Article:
The LockBit ransomware gang has launched roughly 1,700 attacks in the United States and received approximately $91 million in ransom payments, the US government says.
Active since at least January 2020, LockBit operates under the Ransomware-as-a-Service (RaaS) model, where affiliates use the malware and its infrastructure to target organizations in the critical infrastructure, education, energy, government and emergency response, financial services, food and agriculture, healthcare, manufacturing, and transportation sectors.
Last year, LockBit accounted for roughly one-fifth of all ransomware attacks observed in Australia, Canada, New Zealand, and the US, a joint advisory from Australian, Canadian, French, German, New Zealand, and US government agencies shows.
Since its first occurrence in January 2020, LockBit has received several major changes, with at least four variants currently available to RaaS affiliates, namely LockBit 2.0, LockBit 3.0, LockBit Green, and LockBit Linux-ESXi Locker. However, it appears that LockBit 3.0 widely took over previous versions.
LockBit’s operators also maintain a leak site where they publish the names of their victims and the data stolen from them, if they do not pay the ransom. However only victims subjected to double extortion are listed there.
“Because LockBit only reveals the names and leaked data of victims who refuse to pay the primary ransom to decrypt their data, some LockBit victims may never be named or have their exfiltrated data posted on leak sites. As a result, the leak sites reveal a portion of LockBit affiliates’ total victims,” the joint advisory reads.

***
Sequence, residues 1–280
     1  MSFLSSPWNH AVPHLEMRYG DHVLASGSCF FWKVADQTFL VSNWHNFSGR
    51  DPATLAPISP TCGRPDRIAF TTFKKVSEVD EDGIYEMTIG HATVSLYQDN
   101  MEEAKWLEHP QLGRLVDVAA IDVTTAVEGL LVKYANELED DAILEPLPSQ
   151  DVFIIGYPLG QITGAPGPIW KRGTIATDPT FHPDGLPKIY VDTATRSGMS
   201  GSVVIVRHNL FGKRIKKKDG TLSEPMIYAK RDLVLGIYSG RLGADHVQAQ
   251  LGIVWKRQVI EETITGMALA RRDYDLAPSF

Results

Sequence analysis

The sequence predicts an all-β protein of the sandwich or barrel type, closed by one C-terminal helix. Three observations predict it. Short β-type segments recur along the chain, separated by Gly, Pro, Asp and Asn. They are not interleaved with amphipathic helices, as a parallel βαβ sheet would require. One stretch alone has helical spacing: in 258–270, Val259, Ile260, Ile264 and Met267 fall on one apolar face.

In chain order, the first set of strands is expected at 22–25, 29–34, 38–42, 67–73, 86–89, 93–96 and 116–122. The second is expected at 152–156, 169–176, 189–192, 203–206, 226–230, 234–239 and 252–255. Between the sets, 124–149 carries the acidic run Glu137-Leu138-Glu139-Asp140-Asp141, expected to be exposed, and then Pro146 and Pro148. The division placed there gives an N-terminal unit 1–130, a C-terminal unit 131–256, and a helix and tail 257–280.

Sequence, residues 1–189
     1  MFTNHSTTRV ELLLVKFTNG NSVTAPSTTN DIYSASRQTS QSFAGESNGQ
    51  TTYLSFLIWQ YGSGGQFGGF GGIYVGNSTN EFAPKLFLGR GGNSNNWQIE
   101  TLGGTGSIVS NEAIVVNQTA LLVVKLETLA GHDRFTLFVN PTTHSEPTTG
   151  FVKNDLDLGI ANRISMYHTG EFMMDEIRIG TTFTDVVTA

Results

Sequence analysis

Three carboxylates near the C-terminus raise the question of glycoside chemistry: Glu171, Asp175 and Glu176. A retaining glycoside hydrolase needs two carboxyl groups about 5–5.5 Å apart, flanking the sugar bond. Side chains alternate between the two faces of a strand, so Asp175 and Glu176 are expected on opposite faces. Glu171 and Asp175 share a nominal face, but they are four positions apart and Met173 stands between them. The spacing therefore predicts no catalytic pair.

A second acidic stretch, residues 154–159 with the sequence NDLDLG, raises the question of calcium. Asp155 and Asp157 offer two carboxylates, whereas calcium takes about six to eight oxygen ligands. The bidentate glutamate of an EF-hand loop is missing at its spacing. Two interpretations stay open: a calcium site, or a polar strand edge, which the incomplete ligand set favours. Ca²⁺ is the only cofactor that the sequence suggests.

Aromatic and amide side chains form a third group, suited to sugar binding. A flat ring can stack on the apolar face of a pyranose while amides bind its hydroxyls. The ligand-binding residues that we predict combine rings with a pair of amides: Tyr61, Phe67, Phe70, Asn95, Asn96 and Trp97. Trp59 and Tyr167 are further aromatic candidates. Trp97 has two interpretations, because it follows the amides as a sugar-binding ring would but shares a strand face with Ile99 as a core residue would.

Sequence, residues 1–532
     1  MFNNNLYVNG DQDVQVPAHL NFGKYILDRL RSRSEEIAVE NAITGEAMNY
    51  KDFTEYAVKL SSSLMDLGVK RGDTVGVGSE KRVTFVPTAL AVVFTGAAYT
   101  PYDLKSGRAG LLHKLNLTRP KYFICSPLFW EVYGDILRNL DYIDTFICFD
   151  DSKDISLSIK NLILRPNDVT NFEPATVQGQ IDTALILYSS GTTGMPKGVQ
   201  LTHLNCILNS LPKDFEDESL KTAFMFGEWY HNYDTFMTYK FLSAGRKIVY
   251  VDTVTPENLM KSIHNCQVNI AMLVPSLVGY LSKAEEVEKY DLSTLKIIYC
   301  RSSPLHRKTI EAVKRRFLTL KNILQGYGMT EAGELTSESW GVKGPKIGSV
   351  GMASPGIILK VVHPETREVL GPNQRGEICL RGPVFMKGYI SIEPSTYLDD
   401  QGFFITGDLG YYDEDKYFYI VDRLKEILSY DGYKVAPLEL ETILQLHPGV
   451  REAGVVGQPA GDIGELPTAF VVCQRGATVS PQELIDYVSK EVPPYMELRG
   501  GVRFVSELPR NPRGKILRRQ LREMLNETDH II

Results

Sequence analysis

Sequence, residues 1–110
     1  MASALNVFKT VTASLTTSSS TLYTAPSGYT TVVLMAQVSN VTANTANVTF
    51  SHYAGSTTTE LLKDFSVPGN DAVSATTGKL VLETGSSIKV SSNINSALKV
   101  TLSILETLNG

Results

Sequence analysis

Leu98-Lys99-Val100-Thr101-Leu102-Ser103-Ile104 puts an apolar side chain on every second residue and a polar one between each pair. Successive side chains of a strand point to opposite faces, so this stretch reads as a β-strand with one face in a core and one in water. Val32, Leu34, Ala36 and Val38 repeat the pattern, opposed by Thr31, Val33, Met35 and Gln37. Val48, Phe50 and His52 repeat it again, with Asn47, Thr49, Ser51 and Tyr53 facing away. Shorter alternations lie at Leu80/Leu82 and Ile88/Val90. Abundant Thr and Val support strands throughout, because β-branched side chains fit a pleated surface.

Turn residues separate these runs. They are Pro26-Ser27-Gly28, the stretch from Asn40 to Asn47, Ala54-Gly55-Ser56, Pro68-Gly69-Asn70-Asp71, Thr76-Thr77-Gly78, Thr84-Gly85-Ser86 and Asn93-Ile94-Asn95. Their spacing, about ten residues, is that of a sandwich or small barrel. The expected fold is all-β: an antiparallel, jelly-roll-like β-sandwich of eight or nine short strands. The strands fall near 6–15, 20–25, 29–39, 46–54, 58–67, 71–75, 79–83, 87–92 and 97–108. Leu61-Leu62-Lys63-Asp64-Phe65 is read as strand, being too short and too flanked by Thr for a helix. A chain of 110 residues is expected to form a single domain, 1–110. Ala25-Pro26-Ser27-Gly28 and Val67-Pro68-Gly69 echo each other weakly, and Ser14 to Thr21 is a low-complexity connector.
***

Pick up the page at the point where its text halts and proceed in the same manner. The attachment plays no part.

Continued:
LockBit operators have been observed using dozens of freeware and open-source tools in attacks, for reconnaissance, tunneling, remote access, credential dumping, and data exfiltration. They also use PowerShell and batch scripts and penetration-testing tools such as Metasploit and Cobalt Strike.
The attackers were also seen exploiting numerous vulnerabilities, such as the recent Fortra GoAnyhwere remote code execution (RCE) and PaperCut MF/NG improper access control flaws, as well as older bugs in Apache Log4j2, F5 BIG-IP, NetLogon, Microsoft remote desktop services, Fortinet FortiOS, and F5 iControl.
LockBit hackers were also observed attempting secondary extortion after compromising a company responsible for managing other organizations’ networks. The attackers attempted to extort the victim organization’s customers by locking down their services or by threatening to publish sensitive information.
The joint advisory also provides information on the tactics, techniques, and procedures (TTPs) used by LockBit affiliates, as well as mitigation recommendations for initial access, privilege escalation, persistence, code execution, lateral movement, credential access, and data exfiltration.